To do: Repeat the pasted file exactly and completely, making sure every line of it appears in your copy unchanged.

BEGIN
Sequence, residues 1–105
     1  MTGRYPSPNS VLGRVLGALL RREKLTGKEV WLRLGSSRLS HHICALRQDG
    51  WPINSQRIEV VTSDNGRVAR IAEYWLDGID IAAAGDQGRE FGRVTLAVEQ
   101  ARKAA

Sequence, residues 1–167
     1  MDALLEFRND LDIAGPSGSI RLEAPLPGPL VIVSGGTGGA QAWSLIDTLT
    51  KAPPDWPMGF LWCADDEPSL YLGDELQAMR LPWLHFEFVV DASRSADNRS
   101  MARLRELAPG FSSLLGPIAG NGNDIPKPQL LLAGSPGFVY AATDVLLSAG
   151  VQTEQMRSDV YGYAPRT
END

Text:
Sequence, residues 1–105
     1  MTGRYPSPNS VLGRVLGALL RREKLTGKEV WLRLGSSRLS HHICALRQDG
    51  WPINSQRIEV VTSDNGRVAR IAEYWLDGID IAAAGDQGRE FGRVTLAVEQ
   101  ARKAA

Sequence, residues 1–167
     1  MDALLEFRND LDIAGPSGSI RLEAPLPGPL VIVSGGTGGA QAWSLIDTLT
    51  KAPPDWPMGF LWCADDEPSL YLGDELQAMR LPWLHFEFVV DASRSADNRS
   101  MARLRELAPG FSSLLGPIAG NGNDIPKPQL LLAGSPGFVY AATDVLLSAG
   151  VQTEQMRSDV YGYAPRT